In Conversation with Simon Grennan: Part Two

By Benjamin G. Wilson & Alyanna Graham

In preparation for Simon Grennan’s talk and workshops at this year’s North Cornwall Book Festival, Benjamin G. Wilson & Alyanna Graham caught up with him to talk about his graphic novel, Dispossession, an adaptation of Anthony Trollope’s John Caldigate. This is the second half of their interview:

Ben: One of the things that struck me, as someone who’s read more mainstream graphic novels, is the very rigid page layout of Dispossession. Can you talk a bit about that?

Simon: Of course, of course. One of the tools available to us as graphic novelists, and a big one, is that there are two things going on on the page: there’s the mis-en-scene, so how you produce what scene or how the scenes look in each panel, and then there’s the arrangement of those scenes on the page as design. And those two things control how the reader turns the page. 100 panels on a page slows a reader down, 2 panels on a page can be consumed quickly. There’s a sense that the rhythm of the book is controlled by those things.

So one of the things that we did, and it’s quite radical in a way because it’s so boring, we decided that we were going to have a completely regular turn of the page, no matter what the story did or what the drama was. That dictates the panel layout, so there are these  6 panels on a page throughout. Their invariably sized, which is odd, so as a reader you start to realise that within the scenes there’s also a regular rhythmic mechanism, and it follows rules. The reader never gets closer than about 20ft, and is moved around each location in a regular change of point of view, like a kind of waltz. That rhythm impacts itself on the reading, and you start to get a very particular sense of your relationship to the world of the story.

In Trollope, there’s a sense you can never get close to the characters. Because of the ways he writes, you can only see certain types of things and not others. And then he always — particularly in John Caldigate, in the period 1870 onwards — Trollope starts to be much more equivocal. He uses great phrases like, ‘it was said about’, ‘he might have been a’, ‘but others were of the opinion that…’. So you think, ‘what does he actually think about this character?’. You never find out. And so this turn of point of view, which is almost completely mechanical, moves the reader around each piece of action. You see it from here, then there, then there, then where you were before. It gives a sense of circling around a scene, but you never really get a sense of what I think about the character.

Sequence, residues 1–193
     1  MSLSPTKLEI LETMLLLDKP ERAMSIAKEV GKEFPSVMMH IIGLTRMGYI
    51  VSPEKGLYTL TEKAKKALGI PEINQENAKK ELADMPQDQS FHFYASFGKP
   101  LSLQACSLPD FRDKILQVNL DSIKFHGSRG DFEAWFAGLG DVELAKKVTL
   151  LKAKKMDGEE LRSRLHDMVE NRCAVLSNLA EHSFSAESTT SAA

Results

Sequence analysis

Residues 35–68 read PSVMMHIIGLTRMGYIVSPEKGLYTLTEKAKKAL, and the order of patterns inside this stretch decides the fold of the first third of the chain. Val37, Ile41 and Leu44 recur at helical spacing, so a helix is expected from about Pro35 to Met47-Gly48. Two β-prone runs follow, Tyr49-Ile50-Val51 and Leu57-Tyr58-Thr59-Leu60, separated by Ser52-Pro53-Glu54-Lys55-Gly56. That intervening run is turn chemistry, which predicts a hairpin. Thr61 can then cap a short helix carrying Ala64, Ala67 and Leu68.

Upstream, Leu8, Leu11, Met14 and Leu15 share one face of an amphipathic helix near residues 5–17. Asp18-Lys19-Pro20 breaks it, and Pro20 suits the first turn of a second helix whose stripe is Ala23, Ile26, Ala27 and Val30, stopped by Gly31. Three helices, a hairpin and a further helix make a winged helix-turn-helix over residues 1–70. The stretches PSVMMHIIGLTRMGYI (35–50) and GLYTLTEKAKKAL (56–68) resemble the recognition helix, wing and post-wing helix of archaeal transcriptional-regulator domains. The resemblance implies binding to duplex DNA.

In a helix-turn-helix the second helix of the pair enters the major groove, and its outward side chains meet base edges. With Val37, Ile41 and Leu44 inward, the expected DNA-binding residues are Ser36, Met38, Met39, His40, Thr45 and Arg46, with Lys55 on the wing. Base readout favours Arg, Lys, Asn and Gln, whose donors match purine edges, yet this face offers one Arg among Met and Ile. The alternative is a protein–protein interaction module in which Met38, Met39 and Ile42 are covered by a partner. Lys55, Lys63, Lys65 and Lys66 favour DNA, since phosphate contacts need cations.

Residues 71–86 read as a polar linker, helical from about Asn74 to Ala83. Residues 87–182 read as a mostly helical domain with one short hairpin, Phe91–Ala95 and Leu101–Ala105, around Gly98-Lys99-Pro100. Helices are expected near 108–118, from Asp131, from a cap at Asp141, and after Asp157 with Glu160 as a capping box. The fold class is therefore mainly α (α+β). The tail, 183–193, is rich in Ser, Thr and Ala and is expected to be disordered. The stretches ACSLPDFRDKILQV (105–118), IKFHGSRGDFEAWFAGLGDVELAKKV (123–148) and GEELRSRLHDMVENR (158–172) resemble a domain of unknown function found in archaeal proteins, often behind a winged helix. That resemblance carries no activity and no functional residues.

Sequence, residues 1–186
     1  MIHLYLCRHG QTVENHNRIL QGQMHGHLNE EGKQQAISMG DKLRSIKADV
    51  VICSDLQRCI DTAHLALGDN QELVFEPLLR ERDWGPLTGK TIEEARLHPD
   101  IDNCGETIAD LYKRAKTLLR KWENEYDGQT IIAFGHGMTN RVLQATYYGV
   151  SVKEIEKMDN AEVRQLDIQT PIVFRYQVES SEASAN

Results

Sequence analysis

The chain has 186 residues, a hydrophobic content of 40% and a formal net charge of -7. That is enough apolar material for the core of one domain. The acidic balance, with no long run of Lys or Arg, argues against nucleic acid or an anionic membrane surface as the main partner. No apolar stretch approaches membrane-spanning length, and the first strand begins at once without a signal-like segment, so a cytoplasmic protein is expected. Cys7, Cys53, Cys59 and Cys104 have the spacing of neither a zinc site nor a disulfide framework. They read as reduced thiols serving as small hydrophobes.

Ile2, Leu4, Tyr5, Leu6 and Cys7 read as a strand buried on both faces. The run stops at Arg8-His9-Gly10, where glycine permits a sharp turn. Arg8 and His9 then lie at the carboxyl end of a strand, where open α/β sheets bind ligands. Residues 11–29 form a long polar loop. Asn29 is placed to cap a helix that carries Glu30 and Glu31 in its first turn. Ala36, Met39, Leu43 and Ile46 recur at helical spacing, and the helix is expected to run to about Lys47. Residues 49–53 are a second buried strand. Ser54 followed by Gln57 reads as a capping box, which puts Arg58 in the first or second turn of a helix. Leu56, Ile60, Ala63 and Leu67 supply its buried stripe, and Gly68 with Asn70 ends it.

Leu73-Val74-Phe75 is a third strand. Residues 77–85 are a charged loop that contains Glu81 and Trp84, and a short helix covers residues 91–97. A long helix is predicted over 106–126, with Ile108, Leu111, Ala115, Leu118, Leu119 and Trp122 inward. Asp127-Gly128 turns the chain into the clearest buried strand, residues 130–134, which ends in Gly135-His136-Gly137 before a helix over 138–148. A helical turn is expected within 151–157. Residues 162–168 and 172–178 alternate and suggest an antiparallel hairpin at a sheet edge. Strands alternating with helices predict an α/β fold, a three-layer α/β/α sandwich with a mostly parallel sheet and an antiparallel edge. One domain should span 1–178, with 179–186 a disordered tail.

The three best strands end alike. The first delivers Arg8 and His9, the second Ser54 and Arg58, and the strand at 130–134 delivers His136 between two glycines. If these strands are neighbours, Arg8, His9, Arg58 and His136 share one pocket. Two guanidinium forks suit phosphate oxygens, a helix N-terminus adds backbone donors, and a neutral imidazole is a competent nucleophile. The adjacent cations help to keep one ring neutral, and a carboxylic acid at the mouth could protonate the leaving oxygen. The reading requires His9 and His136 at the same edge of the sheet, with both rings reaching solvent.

Ben: It’s really interesting that you mention ‘I’ in this context. For people who’ve only been given the one life brief about Dispossession, ‘John Caldigate in a comic’…

Simon: Well, as a summary that would do.

Ben: But there’s also the sense of you being a translator. You add things that aren’t in the text. For example, the presence of Wiradjuri…

Simon: When I took the commision, I said as long as I can provide the commissioner with rationale, I want complete freedom with the plot. If I’d have thought we need, I don’t know, battling robots, well as long as I could justify battling robots as part of the scheme then I would have had them. When I was reading John Caldigate, as a 21st century reader, there’s a whole episode set in new South Wales, and there’s a lot of things not mentioned about New South Wales in the 1870s that I thought couldn’t be not mentioned in a graphic novel of 2015. So suddenly, I had this task of having to really produce in the graphic novel a series of relationships that are absent in Trollope, but do that without bringing the house down. So the idea of this very short Aboriginal subplot which has opportunities to comment upon Trollope’s plot, seemed a good idea. In Wiradjuri culture multiple wives are possible, whereas in European culture they are not. [In John Caldigate] you have this problem of bigamy, this problem of divorce, that you don’t have in Wiradjuri.

And also, we have this completely different way of life that’s about geography. The Wiradjuri story has to provide a window on aspects of Trollope’s plot, whilst distancing them from the reader even further. There are moments where you see developments in the Caldergate plot that are in the background of the Wiradjuri plot. The two sets of protagonists pass each other all the time, they are in very close proximity, but the plots don’t overlap. So all of this was good, very interesting, and then also the whole thing about being on a ship. Trollope really glosses the whole journey to Australia and back. They were normal, nothing lurid about them, but from our point of view they were deeply shocking and horrible. This whole thing of chucking a dead child off the back of the ship because it’s died, or sending a live baby up to first class for dinner as a joke, those are things that are recorded in letters home. There was an opportunity, where Trollope doesn’t say what’s going, to bring those things up to date.

Ben: That’s really brilliant.